The Edgar Awards Revisited: Silent Joe by T. Jefferson Parker (Best Novel, 2002)

Joe Brosnan, fittingly, takes a look at T. Jefferson Parker's Silent Joe, a California noir overflowing with corruption.

Before I dove into Silent Joe, T. Jefferson Parker was one of those names alongside Michael Connelly, Robert Parker, Sue Grafton, and dozens of others on a mental list titled “Authors I Should Probably Read One of These Days.” Thanks to this reread, I can finally cross him off, though if I’m being honest, I’m not sure how quickly I’ll go seeking out another of his books.

That’s not to say I didn’t enjoy the book. I did. It was good. Closer to fine than great, but good nonetheless. And it was intricate. Dense. If there was ever a crime novel that needed a Cast of Characters in the preface, it’s this the one, because Silent Joe is jam-packed with all sorts of people.

See More: Revisiting the Edgar Awards

First, there’s our eponymous Joe, a man with a horrific facial scar—obtained as a child at the hands of an acid-throwing, meth-head otherwise known as dad. After the attack, Joe went into child protective services, eventually being adopted by Will Trona, a California sheriff’s deputy and future local politician. While Will raised Joe, he also trained Joe, laying the groundwork that would take him from a shy, insecure child to an ultra-perceptive, intimidating man. Will instilled Joe with a strong mental and physical framework needed to grow into his ideal right-hand-man. Beyond all else, there was one thing Will drilled home during Joe’s training:

Eyes open, mouth shut. You might learn something.

Conveniently, Joe has an eidetic memory, allowing him to soak up invaluable information as he stands guard for Will at countless meetings. Between his youth (he’s only 24 years old), his scar, and the perception that he’s merely the muscle, Joe is overlooked and ignored, allowed to essentially serve as a tape recorder for Will, who seems to spend his life being driven by Joe from shady meeting to shady meeting.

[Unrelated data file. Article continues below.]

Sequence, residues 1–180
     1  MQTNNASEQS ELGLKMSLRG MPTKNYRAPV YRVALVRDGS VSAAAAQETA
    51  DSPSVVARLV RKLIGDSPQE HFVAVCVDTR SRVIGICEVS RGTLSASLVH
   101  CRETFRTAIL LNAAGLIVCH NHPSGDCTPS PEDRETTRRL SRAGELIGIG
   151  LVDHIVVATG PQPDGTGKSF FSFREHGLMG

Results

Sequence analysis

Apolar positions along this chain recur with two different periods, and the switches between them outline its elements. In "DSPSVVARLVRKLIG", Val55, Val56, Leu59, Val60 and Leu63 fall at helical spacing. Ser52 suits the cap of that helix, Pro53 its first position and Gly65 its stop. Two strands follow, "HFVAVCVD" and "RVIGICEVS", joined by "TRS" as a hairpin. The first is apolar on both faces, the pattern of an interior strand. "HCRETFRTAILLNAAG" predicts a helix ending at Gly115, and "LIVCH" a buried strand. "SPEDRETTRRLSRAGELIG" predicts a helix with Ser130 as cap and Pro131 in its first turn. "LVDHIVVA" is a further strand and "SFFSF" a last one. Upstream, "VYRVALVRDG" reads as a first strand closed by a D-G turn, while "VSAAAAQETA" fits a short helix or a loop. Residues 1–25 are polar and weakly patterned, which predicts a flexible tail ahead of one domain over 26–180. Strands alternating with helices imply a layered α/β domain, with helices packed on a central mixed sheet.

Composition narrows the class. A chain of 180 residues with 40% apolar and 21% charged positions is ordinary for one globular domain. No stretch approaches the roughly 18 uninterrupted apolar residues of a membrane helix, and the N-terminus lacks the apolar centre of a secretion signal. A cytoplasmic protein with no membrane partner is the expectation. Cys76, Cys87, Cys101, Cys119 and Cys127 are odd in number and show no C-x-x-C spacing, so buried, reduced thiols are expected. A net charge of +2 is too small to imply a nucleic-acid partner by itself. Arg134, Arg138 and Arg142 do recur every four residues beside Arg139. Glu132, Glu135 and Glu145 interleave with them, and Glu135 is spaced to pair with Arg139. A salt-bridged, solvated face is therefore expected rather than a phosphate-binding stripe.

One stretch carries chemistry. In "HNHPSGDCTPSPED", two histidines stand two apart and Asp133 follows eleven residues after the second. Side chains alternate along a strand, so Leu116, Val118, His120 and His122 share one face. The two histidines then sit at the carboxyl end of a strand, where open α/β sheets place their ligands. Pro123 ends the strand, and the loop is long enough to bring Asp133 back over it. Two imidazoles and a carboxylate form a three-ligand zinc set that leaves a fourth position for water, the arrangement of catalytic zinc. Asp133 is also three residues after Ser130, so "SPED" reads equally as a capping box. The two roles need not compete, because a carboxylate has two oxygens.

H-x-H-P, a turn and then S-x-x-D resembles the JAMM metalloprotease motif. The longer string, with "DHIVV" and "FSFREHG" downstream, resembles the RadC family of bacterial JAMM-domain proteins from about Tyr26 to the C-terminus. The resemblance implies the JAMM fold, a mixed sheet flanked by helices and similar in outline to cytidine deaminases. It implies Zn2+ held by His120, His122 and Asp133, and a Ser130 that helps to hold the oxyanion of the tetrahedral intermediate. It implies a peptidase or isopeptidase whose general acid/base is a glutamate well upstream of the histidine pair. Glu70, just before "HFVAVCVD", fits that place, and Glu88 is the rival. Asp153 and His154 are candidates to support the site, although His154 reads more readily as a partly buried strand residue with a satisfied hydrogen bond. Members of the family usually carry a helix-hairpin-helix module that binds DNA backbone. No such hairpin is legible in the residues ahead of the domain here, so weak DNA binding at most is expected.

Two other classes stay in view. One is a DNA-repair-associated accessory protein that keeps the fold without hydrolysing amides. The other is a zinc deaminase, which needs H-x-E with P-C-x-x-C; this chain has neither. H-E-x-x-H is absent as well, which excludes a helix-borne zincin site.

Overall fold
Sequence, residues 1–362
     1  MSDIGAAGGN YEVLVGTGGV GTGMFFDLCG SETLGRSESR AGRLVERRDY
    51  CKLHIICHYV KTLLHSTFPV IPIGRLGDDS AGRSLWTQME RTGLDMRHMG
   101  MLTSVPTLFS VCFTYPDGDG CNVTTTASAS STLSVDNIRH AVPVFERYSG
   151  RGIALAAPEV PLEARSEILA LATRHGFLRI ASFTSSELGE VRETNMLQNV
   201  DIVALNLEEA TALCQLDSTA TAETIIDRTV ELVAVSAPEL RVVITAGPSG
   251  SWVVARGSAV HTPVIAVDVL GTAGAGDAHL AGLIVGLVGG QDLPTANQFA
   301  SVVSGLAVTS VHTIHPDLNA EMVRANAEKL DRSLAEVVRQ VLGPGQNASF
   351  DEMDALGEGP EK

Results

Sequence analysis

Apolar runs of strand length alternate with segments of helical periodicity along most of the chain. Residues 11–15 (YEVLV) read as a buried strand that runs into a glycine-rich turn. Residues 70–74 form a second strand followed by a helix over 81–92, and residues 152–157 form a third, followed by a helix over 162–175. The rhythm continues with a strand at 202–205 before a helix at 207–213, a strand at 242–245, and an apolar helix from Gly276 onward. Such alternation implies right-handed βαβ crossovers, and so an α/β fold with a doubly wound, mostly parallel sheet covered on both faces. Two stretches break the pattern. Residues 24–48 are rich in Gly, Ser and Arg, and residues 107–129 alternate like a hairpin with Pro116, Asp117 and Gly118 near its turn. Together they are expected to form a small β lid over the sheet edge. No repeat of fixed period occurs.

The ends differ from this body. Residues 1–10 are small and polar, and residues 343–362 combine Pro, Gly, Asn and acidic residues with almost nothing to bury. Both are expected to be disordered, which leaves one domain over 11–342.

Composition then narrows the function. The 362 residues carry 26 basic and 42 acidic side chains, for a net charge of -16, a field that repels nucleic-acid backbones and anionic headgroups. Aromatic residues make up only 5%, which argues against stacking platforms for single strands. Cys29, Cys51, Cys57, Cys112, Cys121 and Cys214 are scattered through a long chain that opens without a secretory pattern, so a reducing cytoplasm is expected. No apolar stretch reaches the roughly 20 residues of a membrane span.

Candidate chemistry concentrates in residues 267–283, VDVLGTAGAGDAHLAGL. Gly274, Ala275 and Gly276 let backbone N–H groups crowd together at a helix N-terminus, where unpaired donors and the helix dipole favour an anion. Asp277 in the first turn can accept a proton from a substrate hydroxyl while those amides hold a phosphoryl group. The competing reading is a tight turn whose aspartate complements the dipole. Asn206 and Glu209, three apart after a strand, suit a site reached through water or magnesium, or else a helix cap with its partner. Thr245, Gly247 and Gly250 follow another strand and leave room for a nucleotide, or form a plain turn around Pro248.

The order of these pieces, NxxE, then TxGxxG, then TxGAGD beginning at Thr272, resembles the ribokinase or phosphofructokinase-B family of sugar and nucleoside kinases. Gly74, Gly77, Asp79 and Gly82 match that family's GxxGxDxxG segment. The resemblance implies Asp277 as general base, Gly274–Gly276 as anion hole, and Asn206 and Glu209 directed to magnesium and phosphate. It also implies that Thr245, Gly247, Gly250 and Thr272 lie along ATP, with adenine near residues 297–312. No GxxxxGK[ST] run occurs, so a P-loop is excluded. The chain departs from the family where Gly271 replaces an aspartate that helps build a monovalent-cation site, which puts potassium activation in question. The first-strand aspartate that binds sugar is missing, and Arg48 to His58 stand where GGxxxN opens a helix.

Eventually, Will takes the wrong meeting with the wrong people and is murdered in a dark alley by a group of well-dressed mystery men while Joe watches from the driver’s seat of their nearby car. Joe manages to kill two of the hitmen before they escape, and by the time Joe gets to Will, he’s dead. What follows is a classic, noir-ish tale of revenge, corruption, and weird dudes sleeping with women way out of their league.

Some of what T. Jefferson Parker does is great. You know how when you watch a season of 24, you know that the bad guy you meet during Hour 4 is obviously not going to be the bad guy in the finale. He’ll probably die. Then we’ll meet his boss. And then his boss’s boss. And so on. Well, that’s sort of how Silent Joe plays out. Joe starts recreating Will’s final days, taking meeting after meeting with the men and women who Will crossed paths with, hoping to find a link to the murder. And it’s fun! The cast of characters are colorful, diverse (for a mid-2000s piece of crime fiction written by a white male), and unique. It took me some time to be able to keep all of the characters straight in my head, but I enjoyed how insurmountable Joe’s task felt and how deep-running the corruption seemed to be. I also appreciated the way Joe slowly learns about Will’s transgressions, proving that his adoptive dad wasn’t the crusading guardian angel he thought him to be.